Lateral lumbar interbody fusion (LLIF)
Lateral lumbar interbody fusion (LLIF) is a minimally invasive technique first described by Ozgur et al. 1). LLIF allows the surgeon to access the intervertebral space via a minimally invasive direct lateral approach through the psoas muscle. The advantage of LLIF over the traditional anterior approach is the avoidance of exposure of the abdominal viscera, large vessels, and sympathetic plexus. Injury to the nerve roots and dura, and perineural fibrosis, which can occur after PLIF or TLIF, are minimized with this technique 2). 3).
LLIF has been utilized to treat a variety of pathologies including adult degenerative scoliosis, central and foraminal stenosis, spondylolisthesis, and adjacent segment degeneration
They have become an increasingly popular surgical technique due to the benefits of minimal tissue disruption, excellent disc visualization, ability to insert a large intervertebral cage to lessen subsidence, and faster recovery times 4) 5).
The LLIF procedure differs from other lumbar procedures in that the patient is positioned in the lateral decubitus position, often times utilizing bending the bed near the iliac crest region in order to facilitate access to the L4-5 disc space.
In awake volunteers, the pressure at the iliac crest or greater trochanter at the break of the bed increases by increasing the bed angle. Women with a lower BMI had high VAS pain scores when their greater trochanter was at maximal bed break. Men with higher BMI had high VAS pain scores when their iliac crest was at maximal bed break. An awareness of the iliac crest or greater trochanter at the break of the bed should be considered to prevent pain and increased pressure based on the patient’s sex and BMI 6).
As with most minimally invasive spine procedures, lateral lumbar interbody fusion (LLIF) requires the use of biplanar fluoroscopy for localization and safe interbody cage placement. Computed tomography (CT)-based intraoperative spinal navigation has been shown to be more effective than fluoroscopic guidance for posterior-based approaches such as pedicle screw instrumentation.
Use of an intraoperative cone-beam CT with an image-guided navigation system is feasible and safe and appears to be accurate, although a larger study is required to confirm these results 7).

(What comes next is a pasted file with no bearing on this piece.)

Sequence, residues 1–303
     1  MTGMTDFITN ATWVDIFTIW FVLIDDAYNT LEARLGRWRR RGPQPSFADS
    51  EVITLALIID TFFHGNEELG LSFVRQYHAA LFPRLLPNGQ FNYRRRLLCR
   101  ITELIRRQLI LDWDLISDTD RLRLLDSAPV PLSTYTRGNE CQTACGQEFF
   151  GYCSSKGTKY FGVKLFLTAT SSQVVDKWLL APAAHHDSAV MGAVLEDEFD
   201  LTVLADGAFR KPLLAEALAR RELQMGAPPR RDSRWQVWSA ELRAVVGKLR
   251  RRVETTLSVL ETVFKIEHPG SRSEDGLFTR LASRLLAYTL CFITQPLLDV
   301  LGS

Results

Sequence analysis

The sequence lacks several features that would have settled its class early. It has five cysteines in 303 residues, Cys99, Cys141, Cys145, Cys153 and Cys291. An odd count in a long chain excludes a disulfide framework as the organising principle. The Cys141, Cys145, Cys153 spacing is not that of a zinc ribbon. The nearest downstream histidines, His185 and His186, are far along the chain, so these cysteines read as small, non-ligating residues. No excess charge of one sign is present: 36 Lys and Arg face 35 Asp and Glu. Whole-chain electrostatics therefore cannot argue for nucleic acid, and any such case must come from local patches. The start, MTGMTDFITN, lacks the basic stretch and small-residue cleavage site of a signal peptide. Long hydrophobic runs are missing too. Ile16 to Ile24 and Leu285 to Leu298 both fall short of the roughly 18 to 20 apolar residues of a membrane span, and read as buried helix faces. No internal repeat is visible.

Transpsoas lateral interbody fusion is one of the Lateral Lumbar Interbody Fusion minimally invasive approaches for lumbar spine surgery. Most surgeons insert the interbody cage laterally and then insert pedicle or cortical screw and rod instrumentation posteriorly. However, standalone cages have also been used to avoid posterior instrumentation.
Alvi et al., performed a systematic review and meta-analysis of the available literature on transpsoas lateral interbody fusion by an electronic search of the PubMed, EMBASE, and Scopus databases using PRISMA guidelines. They compared patients undergoing transpsoas standalone fusion (TP) with those undergoing transpsoas fusion with posterior instrumentation (TPP).
A total of 28 studies with 1462 patients were included. Three hundred and seventy-four patients underwent TPP, and 956 patients underwent TP. The mean patient age ranged from 45.7 to 68 years in the TP group, and 50 to 67.7 years in the TPP group. The incidence of reoperation was found to be higher for TP (0.08, 95% confidence interval [CI] 0.04-0.11) compared to TPP (0.03, 95% CI 0.01-0.06; p = 0.057). Similarly, the incidence of cage movement was found to be greater in TP (0.18, 95% CI 0.10-0.26) compared to TPP (0.03, 95% CI 0.00-0.05; p < 0.001). Oswestry Disability Index (ODI) and visual analog scale (VAS) scores and postoperative transient deficits were found to be comparable between the two groups.
These results appear to suggest that addition of posterior instrumentation to transpsoas fusion is associated with decreased reoperations and cage movements. The results of previous systematic reviews and meta-analysis should be reevaluated in light of these results, which seem to suggest that higher reoperation and subsidence rates may be due to the use of the standalone technique 9).
A systematic and critical review of recent literature was conducted in accordance with PRISMA guidelines. The sources of the data were PubMed, MEDLINE, Embase, Cochrane and Scopus. Key search terms were “transpsoas”, “interbody fusion”, “LLIF”, “XLIF” and “spondylolisthesis”. Papers included in the review were original research articles in peer-reviewed journals. The articles were thoroughly examined and compared on the basis of study design, outcomes, and results. Only studies which met the eligibility criteria were included. Eight studies were included in the qualitative and quantitative analysis (three retrospective, four prospective, one randomized controlled trial). A total of 308 patients (227 females) (pooled age 64.5 years) and a total of 353 operated levels were analyzed. Mean follow up time ranged from 6.2 to 24 months. There were no reported cases of durotomies or pseudarthrosis in any study. All neurologic complications were reported to be transient with no permanent deficits. Mean improvement in ODI scores ranged between 19.5 (38.6%) to 36 (54.5%). Mean improvement in slip ranged from 47 to 67.5%. Three studies also reported that patient satisfaction and willingness to undergo the procedure again approached 90%. Minimally invasive transpsoas interbody fusion possibly leads to favorable clinical and radiological outcomes while avoiding the possible complications of its more traditional open and minimally invasive counterparts. Further studies are needed to better establish its role in the management of low grade degenerative lumbar spondylolisthesis 10).